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Calif. City Officials Resign Over Outrage At Salaries

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Calif. City Officials Resign Over Outrage At Salaries

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Calif. City Officials Resign Over Outrage At Salaries

Calif. City Officials Resign Over Outrage At Salaries

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Three officials in the city of Bell, Calif., resigned Friday over their pay. The chief administrative officer made nearly $800,000, the police chief nearly $500,000 and the assistant city manager almost $400,000. There are still some questions about how big their pensions will be.


Three top city administrators in the small Los Angeles suburb of Bell last night resigned. That's after their hefty salaries sparked outraged among the city's poor and working class residents. Bell's chief administrative officer hauled in nearly $800,000 a year, likely the highest salary for any city manager in the country and almost twice the pay of President Obama.

From member station KPCC, Frank Stoltze reports.

FRANK STOLTZE: Angry residents waited until the Bell city council finished a marathon closed-door meeting at midnight to hear the news.

(Soundbite of meeting)

Unidentified Man #1: Number one, the chief administrative officer, Mr. Robert Rizzo, has resigned effective August 30th, 2010.

STOLTZE: In addition to Rizzo, the police chief, who made nearly $500,000 a year and the assistant city manager who made almost $400,000, stepped down. The resignations failed to quell residents' rage.

(Soundbite of protest)

Unidentified Group: Recall, recall, recall, recall.

STOLTZE: Many want to see the recall of city council members who approved the big salaries and had voted to pay themselves $100,000 a year for their part time work in one of the poorest cities in the region.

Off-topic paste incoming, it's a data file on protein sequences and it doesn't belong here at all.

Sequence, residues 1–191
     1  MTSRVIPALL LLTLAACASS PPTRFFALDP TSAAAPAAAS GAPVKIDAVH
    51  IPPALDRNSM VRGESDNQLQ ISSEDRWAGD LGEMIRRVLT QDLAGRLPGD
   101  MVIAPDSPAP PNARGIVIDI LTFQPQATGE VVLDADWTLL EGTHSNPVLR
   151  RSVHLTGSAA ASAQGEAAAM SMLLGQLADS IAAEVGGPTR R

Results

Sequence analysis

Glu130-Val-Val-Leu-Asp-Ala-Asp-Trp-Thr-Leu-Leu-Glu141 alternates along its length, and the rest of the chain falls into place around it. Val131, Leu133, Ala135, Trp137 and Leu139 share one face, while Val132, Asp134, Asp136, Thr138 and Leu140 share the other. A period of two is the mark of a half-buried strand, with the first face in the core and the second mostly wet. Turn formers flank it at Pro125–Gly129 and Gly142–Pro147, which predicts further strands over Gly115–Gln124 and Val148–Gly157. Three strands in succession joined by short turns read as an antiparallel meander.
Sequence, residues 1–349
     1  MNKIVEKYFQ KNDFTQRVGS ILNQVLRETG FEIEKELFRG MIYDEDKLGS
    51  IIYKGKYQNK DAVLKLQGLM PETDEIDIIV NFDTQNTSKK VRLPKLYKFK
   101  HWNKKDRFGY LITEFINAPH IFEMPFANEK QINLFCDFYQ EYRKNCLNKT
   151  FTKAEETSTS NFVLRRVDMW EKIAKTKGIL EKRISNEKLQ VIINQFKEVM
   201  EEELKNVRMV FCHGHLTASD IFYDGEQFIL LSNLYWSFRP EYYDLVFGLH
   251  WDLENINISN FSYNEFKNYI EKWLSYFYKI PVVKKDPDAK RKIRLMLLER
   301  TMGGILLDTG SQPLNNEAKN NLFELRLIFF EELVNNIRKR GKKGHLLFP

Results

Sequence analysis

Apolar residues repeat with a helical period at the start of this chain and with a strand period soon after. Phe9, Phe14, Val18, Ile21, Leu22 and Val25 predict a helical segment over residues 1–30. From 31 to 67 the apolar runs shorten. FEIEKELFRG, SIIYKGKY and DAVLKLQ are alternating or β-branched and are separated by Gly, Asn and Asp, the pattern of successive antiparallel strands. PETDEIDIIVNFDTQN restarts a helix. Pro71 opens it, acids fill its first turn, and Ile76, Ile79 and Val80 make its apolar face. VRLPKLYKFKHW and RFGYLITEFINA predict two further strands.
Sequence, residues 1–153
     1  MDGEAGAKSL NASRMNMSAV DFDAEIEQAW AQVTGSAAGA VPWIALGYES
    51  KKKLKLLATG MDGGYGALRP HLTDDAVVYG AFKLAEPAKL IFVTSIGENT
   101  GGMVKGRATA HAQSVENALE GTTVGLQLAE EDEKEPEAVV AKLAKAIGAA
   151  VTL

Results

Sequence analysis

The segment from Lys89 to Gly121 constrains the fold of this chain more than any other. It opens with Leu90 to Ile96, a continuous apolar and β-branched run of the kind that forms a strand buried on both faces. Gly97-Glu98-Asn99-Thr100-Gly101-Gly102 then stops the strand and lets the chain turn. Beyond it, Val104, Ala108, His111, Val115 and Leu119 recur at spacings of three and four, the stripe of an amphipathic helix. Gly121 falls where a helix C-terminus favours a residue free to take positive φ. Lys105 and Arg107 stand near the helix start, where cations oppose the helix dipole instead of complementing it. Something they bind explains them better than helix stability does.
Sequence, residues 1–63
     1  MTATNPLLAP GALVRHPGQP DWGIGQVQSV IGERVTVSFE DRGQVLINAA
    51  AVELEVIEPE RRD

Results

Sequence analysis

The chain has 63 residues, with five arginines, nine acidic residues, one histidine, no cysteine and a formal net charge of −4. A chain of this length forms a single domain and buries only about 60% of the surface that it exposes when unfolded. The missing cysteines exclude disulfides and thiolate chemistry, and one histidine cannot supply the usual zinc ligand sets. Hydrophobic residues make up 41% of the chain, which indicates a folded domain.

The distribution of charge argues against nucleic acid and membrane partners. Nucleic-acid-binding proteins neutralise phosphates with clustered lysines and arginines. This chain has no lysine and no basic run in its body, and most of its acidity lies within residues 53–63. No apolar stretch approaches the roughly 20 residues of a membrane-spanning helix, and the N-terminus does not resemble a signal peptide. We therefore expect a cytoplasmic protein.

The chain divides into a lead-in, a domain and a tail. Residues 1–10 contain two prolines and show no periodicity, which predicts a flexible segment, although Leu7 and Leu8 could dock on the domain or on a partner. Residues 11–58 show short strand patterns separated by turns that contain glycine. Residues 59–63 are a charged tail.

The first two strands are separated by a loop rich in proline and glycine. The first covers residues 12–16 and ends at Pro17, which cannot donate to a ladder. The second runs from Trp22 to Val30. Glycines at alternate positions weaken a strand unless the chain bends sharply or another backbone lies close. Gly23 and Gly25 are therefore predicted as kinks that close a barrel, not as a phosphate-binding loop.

Ali Saleh is with the Bell Association to Stop the Abuse.

Mr. ALI SALEH (Bell Association to Stop the Abuse): There's no faith in them anymore for them to stay any longer.

STOLTZE: Bell sits about 10 miles southeast of downtown Los Angeles. Its 40,000 residents are 90 percent Latino. More than half are foreign born. Like most municipalities, Bell has laid off workers as it struggles with declining tax revenues. Still, Mayor Oscar Hernandez defended city salaries to local television station KTLA.

Mr. OSCAR HERNANDEZ (Mayor, Bell, California): If you want good service, I think you deserve to get good money.

Unidentified Man #2: How do you justify $800,000 in a city this small and this poor?

Mr. .HERNANDEZ: The only thing I say this community, they're receiving a good service.

STOLTZE: That hasn't convinced State Attorney General Jerry Brown, who's opened an investigation into Bell's pay practices. Councilman Lorenzo Velez receives a fraction of his colleagues' salary. He said he only became aware of the big salaries recently. And that the scandal sends a message.

Mr. LORENZO VELEZ (Council Member): It's important for everybody everywhere, wherever you are to stay aware of what's going on in your municipality and your city hall.

STOLTZE: One remaining question: whether the top officials who have resigned will receive pensions as high as $650,000 a year for the rest of their lives. The California Public Employees Retirement System says it's looking into the matter.

For NPR News, I'm Frank Stoltze in Los Angeles.

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